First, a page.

Representatives Bobby Scott (D-Va.) and Thomas Massie (R-Ky.) have proposed just such a solution. Their Justice Safety Valve Act, like its identical Senate counterpart introduced by Senators Rand Paul (R-Ky.) and Patrick Leahy (D-Vt.), would give judges permission to sentence people below the mandatory minimum prison term if that sentence fails to serve the goals of punishment. For example, if we can be kept safe by giving a low-level, nonviolent drug offender eight years in prison instead of the 10-year mandatory minimum sentence, the new bill would permit the judge to do so. Those cost-savings could be used for crime-fighting grants or recidivism-reducing programs. That prison bed could be reserved for truly dangerous and violent offenders like those who recently bombed Boston.

The bill also recognizes that mandatory minimum sentences sometimes produce absurd or simply unfair results, as in the case of a young woman named Mandy Martinson. Mandy became addicted to methamphetamine after she left an abusive relationship. She found a new boyfriend who was kind to her and sold the drugs she craved. He kept handguns (which Mandy never used) and drugs in her home. When police arrested him, Mandy was held accountable for the drugs and guns, which triggered a 15-year mandatory minimum sentence for her. The judge thought Mandy deserved a 10-year punishment. She was, after all, a first-time offender who started receiving drug treatment and was on her way to sobriety before she was even sentenced. And Mandy’s boyfriend, who had a prior drug conviction, received only a 12-year sentence, because he had valuable information to trade to prosecutors in exchange for a shorter term. Mandy had no such information, and the judge had no choice. He was required to give Mandy 15 years in prison, despite his conviction that she was not a threat to public safety or likely to re-offend.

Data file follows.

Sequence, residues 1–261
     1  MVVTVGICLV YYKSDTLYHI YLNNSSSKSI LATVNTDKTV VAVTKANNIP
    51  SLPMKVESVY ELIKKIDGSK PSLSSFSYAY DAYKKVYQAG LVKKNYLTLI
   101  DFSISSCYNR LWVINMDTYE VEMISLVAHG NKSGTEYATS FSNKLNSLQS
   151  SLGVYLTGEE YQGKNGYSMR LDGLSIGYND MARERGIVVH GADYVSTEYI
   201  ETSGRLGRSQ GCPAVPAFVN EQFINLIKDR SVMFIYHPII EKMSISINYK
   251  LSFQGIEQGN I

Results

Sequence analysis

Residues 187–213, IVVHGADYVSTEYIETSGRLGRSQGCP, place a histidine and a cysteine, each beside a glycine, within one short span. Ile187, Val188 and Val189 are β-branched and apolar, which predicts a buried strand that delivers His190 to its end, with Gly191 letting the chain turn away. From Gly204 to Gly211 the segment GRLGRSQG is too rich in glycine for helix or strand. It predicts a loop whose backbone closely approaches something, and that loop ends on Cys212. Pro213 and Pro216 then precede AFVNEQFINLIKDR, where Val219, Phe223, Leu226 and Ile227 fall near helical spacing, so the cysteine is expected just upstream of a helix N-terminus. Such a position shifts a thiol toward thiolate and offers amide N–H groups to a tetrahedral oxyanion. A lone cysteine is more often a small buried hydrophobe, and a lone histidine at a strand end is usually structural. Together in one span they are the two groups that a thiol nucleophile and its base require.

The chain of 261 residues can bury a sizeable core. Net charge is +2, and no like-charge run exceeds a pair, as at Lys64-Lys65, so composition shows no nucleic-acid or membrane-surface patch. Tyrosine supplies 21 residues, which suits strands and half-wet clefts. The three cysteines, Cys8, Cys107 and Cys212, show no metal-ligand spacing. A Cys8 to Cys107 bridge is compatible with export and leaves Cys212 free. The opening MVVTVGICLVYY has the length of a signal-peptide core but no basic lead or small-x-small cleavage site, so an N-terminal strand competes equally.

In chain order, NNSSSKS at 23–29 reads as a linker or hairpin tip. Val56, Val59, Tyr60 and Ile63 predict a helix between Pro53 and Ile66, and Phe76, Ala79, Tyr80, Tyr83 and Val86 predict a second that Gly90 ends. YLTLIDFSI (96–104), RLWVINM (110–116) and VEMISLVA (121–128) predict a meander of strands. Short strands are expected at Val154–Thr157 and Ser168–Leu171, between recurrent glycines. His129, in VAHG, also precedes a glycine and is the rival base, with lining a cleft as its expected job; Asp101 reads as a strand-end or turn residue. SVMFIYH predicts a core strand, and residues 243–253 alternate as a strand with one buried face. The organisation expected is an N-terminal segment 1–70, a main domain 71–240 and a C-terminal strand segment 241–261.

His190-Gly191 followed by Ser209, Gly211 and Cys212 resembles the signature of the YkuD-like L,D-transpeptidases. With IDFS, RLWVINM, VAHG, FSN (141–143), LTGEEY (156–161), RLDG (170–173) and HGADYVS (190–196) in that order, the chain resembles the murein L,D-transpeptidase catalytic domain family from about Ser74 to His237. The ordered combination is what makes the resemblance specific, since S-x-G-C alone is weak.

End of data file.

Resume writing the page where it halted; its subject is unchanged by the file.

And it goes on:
The Justice Safety Valve Act would allow judges like Mandy’s to save expensive prison beds for people who really deserve them. The bill would ease prison overcrowding, increasing the odds that offenders are rehabilitated behind bars and don’t re-offend when they return to our communities. Enacting the bill would move us one step closer to the National Association of Evangelical’s vision of a world where punishment keeps us safe, rehabilitates, and is a wise use of our tax revenue.

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10 Responses to Bipartison Bill Would Reduce Prison Overcrowding

  1. PrisonPath April 30, 2013 at 6:27 pm #

    “Just goes to show how far we still have to go! My dream? That we would start addressing the iatrogenic effects of labeling everybody through a deficit perspective! How can anyone rebuild on a foundation that reinforces that which doesn’t work!!!

  2. Norman DeLisle May 6, 2013 at 8:45 pm #